- OnDeck reports wider losses than expected due to limited short-term securitization profits which will lead to better long-term profits. Stock drops 28%.
- P2P lending volumes for April are out.
- Ldger announces next auction on their secondary market liquidity platform for whole loans.
- More details on Lending Club’s securitization, lots of numbers.
OnDeck Losses Grow as Lender Sells Fewer Loans, (Wall Street Journal), Rated: AAA
Shares in the New York company fell 28% to $5.90 in aftermarket trading.
OnDeck reported a net loss of $13.14 million, or 18 cents a share, compared with a net loss of $5.34 million, or 8 cents a share, in the first quarter of 2015. The average estimate of analysts polled by Thomson Reuters was for a loss of 7 cents a share.
“We had a more dramatic quarter than we anticipated” previously, said Chief Executive Noah Breslow on a conference call with analysts.
OnDeck’s quarterly loan volume was up 37% to a record $569.66 million, though the effective interest yield on outstanding loans decreased. OnDeck said that it had $44.6 million in operating expenses, up 33% from the same period in 2015. The firm attributed some of that increase to efforts to license its technology to banks such as JPMorgan Chase.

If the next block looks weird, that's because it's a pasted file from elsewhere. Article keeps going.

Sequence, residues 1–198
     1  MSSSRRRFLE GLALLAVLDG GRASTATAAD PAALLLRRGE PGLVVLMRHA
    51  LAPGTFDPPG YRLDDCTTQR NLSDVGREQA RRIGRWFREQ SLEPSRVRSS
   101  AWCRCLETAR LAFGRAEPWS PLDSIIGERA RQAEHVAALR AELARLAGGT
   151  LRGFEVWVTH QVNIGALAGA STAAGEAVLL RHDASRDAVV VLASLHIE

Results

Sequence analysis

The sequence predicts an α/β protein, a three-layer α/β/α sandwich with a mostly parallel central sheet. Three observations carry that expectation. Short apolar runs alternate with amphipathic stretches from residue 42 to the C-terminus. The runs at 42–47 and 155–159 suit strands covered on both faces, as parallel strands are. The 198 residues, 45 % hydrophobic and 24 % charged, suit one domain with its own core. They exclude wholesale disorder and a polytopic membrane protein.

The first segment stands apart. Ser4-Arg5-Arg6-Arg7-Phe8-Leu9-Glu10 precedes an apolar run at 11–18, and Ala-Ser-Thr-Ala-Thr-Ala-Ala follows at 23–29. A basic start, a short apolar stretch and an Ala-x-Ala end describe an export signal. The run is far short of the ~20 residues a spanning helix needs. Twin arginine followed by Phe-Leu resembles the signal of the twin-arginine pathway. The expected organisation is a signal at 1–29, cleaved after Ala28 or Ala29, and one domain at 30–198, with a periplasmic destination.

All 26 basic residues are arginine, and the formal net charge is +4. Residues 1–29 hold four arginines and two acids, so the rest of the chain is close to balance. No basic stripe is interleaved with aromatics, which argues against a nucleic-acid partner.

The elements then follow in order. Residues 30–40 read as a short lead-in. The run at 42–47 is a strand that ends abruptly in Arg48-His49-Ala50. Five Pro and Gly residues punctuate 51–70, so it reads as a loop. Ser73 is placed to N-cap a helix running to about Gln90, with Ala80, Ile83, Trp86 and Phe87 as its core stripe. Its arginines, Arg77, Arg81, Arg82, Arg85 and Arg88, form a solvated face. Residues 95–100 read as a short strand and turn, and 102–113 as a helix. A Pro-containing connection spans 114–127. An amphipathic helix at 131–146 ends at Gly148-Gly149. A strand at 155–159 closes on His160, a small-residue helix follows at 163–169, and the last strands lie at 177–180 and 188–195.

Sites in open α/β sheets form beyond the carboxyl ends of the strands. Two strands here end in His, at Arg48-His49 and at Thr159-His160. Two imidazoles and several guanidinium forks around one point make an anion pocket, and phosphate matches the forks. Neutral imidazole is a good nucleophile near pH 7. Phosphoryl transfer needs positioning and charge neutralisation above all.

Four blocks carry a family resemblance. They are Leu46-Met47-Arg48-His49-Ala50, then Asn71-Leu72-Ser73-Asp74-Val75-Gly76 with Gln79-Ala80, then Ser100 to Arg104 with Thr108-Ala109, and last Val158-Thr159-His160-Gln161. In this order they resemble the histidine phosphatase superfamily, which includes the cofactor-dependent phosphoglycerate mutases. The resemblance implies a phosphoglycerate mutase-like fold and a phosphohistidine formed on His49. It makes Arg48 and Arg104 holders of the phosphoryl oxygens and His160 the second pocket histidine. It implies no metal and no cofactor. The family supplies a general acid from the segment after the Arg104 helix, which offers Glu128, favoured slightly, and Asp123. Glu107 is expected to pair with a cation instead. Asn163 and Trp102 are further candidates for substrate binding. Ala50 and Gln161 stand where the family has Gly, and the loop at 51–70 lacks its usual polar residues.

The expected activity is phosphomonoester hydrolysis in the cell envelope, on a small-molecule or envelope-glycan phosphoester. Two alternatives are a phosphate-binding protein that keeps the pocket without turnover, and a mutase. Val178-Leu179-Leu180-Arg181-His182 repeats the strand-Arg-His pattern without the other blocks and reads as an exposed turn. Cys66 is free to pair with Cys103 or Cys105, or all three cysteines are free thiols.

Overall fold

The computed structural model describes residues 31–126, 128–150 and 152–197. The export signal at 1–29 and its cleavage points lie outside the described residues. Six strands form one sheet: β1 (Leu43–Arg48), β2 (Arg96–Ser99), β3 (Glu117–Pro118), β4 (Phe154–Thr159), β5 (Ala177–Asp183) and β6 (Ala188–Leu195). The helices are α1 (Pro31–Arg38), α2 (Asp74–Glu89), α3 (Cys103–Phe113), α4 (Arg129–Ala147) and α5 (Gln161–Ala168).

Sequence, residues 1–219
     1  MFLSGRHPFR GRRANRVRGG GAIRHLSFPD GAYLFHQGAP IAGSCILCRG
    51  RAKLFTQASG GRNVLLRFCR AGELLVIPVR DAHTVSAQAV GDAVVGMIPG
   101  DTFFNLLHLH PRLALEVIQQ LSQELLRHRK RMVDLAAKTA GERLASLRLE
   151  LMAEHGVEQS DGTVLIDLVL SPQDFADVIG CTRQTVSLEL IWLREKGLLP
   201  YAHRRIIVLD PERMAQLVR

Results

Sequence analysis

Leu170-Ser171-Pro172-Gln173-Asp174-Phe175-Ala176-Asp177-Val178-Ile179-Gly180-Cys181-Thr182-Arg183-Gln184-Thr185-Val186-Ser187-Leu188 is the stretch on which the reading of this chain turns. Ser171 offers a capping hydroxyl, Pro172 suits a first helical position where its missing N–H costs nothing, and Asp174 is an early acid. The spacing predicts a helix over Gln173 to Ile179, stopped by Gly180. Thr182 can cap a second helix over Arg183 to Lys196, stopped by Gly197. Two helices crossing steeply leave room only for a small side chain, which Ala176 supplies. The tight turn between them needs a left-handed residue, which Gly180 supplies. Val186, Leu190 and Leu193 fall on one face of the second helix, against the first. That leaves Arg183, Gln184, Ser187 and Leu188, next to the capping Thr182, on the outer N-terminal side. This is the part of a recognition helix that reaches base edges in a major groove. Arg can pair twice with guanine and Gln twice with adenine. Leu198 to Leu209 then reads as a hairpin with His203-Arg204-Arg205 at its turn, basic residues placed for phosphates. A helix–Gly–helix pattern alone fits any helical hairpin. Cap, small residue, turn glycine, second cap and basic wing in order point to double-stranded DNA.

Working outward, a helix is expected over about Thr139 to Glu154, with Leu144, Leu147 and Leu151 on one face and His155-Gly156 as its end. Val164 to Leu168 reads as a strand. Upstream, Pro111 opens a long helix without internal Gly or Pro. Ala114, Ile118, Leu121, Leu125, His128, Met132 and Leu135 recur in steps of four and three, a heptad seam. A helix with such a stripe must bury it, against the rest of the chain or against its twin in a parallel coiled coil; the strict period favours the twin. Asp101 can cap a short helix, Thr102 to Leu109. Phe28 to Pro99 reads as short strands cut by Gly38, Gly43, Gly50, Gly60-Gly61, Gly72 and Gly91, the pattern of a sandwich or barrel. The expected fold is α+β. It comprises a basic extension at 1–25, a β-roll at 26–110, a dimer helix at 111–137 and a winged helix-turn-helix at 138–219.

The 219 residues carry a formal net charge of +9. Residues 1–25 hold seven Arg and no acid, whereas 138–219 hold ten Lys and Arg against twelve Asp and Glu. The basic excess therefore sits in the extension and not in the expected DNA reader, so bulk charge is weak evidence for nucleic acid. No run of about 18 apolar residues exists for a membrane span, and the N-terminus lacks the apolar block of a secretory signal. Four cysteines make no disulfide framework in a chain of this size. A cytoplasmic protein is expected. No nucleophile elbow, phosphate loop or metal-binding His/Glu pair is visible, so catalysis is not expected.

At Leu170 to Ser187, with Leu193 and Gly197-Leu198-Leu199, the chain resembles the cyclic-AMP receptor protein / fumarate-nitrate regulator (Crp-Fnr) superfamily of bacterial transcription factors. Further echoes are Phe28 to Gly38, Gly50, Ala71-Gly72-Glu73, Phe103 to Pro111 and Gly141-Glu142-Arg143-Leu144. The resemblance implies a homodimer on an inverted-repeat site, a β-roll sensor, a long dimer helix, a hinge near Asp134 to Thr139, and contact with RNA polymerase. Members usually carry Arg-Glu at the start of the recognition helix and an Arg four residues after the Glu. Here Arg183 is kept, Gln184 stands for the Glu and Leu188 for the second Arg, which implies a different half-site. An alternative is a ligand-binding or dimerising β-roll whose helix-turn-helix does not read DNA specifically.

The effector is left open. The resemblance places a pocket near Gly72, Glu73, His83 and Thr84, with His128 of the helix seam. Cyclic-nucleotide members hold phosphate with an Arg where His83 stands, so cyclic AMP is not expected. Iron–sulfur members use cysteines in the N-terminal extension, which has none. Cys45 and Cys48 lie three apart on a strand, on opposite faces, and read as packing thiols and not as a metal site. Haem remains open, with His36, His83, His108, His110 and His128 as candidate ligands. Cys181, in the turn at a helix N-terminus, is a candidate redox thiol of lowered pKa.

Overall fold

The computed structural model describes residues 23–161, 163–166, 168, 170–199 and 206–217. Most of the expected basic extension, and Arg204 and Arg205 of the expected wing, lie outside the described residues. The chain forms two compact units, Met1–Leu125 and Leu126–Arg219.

Much of the shortfall came from a reduction in gains OnDeck books when it sells loans to investors. The lender sold 26% of the loans it made during the quarter, down from 40% in the fourth quarter of 2015. Additionally, investors who did buy the loans paid lower premiums, sending the gain-on-sale rate down to 5.7% from 9.0%.
Finance chief Howard Katzenberg said that certain investment vehicles that historically purchased loans with the intention of packaging them into bonds and selling them off had slowed their activity as securitization markets became more challenged. As a result, OnDeck opted to hold more of the loans it makes on its balance sheet, foregoing that short-term revenue and requiring the company to set aside funds to cover potential defaults.
But Mr. Katzenberg added that over time OnDeck would collect a greater amount of interest on those loans than the upfront gains it would have booked on a sale. The lender has been taking steps to increase its balance sheet to give it more flexibility
International P2P Lending Marketplace Table – Loan Volumes April 2016, (P2p Banking), Rated: AAA
A table containing the volume originated by some of the most preeminent loan originations of p2p lending marketplaces in April. Lendinvest leads ahead of Ratesetter and Funding Circle UK. Note: this table does not have any data for Lending Club and Prosper. Prosper and Lending Club no longer publish origination data for the most recent month.
Secondary Market Platform Ldger Announces Next Auction With a Twenty-Fold Increase In Loans, (PR Leap), Rated: AAA
Ldger, the primary platform for secondary market liquidity solutions for marketplace lending assets, has announced its second auction of Prosper Marketplace loans. The auction, tentatively scheduled for the third week in May, will mark the first open all-to-all secondary trading auction by the company.